Protesters enter Labor Ministry
ATHENS, Greece (AP) — Protesters forced their way into a government building in central Athens and threatened a minister on Wednesday, as riot police intervened with batons, pepper spray and tear gas to expel them. At least one person was taken to a hospital after scuffles took place inside and in front of the Labor Ministry building. At least another two collapsed from the effects of pepper spray and were treated by other protesters on the spot.
The protest by a few hundred people was organized by a Communist-backed labor union. The government said damage was caused inside the office of the minister, Yianni Vroutsi, and threats made against the minister himself. More than 30 protesters were detained, with further scuffles breaking out as the crowd attempted to stop the bus transporting them from leaving. Those detained were driven to police headquarters, with the demonstrators following on foot and protesting outside. “Violence in all its forms must be condemned, not only in words but also by actions,” government spokesman Simos Kedikoglou said.
“The raid on the office of the labour minister, the material destruction and the threats against Yianni Vroutsi are practices which aim to dynamite the political climate at a very critical time for the country.”
Security Forces Attack Political Prisoners in S. Arabia’s Notorious Prison
TEHRAN (FNA)- The Saudi security forces on Wednesday attacked political prisoners in the country’s notorious Al Hayer prison for the second time in less than a week. Hayer is a Saudi maximum-security facility located approximately 25 miles South of Riyadh. It is Saudi Arabia’s largest prison. The Saudi security forces attacked Hayer prisoners after a group of inmates went on strike today, Aljazeera Alarabiya news agency reported on Wednesday.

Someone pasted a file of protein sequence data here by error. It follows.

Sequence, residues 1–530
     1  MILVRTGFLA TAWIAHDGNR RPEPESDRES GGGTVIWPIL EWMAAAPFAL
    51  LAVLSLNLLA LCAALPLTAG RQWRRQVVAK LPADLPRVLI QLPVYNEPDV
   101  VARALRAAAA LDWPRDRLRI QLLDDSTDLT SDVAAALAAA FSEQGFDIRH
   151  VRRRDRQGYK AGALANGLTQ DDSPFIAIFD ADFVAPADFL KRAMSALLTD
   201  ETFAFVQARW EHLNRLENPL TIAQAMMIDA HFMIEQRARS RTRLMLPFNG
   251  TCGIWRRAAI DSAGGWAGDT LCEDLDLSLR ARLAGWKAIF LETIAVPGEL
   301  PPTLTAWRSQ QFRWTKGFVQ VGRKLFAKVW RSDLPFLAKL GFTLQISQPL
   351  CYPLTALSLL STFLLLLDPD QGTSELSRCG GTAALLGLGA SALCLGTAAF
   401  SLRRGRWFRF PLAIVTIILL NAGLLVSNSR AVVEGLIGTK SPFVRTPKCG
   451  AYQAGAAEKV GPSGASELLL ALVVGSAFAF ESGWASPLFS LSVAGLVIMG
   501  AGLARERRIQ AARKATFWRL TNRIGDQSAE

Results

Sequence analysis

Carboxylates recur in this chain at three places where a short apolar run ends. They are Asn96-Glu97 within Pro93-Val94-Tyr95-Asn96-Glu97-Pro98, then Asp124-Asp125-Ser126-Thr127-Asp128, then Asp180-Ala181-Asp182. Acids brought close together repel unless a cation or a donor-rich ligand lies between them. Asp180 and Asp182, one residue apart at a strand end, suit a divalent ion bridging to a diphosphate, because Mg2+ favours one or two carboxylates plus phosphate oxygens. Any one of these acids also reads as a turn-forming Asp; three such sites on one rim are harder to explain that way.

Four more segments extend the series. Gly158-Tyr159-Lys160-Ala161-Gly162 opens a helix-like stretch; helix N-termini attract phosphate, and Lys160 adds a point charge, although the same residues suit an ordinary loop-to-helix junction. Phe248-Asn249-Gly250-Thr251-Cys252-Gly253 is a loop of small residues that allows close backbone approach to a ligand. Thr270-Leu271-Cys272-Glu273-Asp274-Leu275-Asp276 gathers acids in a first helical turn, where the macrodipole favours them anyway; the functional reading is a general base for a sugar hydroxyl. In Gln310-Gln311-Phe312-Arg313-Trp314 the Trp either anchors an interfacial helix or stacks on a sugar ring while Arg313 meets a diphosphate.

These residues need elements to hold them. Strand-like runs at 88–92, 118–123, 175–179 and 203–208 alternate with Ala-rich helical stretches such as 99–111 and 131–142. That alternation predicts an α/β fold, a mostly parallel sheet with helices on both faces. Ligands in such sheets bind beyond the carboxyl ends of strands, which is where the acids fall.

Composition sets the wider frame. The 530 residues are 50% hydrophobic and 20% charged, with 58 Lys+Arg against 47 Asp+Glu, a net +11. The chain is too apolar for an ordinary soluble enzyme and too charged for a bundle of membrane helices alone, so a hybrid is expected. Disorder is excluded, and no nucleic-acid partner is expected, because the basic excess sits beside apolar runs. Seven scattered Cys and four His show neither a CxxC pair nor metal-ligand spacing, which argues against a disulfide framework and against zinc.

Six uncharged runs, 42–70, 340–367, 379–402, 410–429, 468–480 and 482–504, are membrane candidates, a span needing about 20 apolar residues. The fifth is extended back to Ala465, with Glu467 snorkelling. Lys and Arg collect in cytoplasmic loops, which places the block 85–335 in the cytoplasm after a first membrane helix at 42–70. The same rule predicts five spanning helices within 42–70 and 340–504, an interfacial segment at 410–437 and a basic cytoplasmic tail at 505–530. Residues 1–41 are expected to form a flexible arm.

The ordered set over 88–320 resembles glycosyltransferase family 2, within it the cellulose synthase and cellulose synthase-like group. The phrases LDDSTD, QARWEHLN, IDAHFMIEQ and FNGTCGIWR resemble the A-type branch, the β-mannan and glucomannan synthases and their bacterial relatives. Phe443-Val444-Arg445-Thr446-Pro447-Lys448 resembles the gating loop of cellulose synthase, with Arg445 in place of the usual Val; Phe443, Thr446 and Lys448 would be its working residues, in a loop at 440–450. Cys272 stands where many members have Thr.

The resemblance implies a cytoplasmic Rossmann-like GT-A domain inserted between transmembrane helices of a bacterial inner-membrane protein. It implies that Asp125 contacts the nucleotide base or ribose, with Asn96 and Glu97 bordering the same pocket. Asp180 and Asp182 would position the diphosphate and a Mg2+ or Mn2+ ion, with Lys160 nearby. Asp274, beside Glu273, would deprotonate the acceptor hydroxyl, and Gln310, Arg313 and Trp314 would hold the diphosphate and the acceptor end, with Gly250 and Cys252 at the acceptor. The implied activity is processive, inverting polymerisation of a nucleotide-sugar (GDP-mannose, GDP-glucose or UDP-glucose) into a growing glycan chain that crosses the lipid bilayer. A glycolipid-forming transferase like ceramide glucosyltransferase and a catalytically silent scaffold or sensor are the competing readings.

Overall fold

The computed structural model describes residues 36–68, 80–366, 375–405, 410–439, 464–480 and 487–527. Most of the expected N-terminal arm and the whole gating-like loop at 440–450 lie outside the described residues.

The attack came after the security forces attacked and beat up several prisoners some days ago, and seized their personal belongings. In October, some 100 political prisoners in Al Hayer prison went on hunger strike to protest against the growing number of food poisoning incidents. A report by Aljazeera Alarabiya quoted sources from inside the prison as saying that 100 prisoners went on hunger strike after frequent food poisoning incidents.
The report said that prisoners in Saudi jails are deprived of minimum food and health services and are under severe mental, psychological and physical duress and torture. The report came a month after a large number of protestors staged a demonstration in front of a Saudi prison in Qassim province to demand the release of their relatives who have been arrested and locked up by the al-Saud regime for political reasons. The Saudi security forces blockaded the roads around the desert prison in Central Saudi Arabia where relatives of inmates were staging a demonstration to demand their release.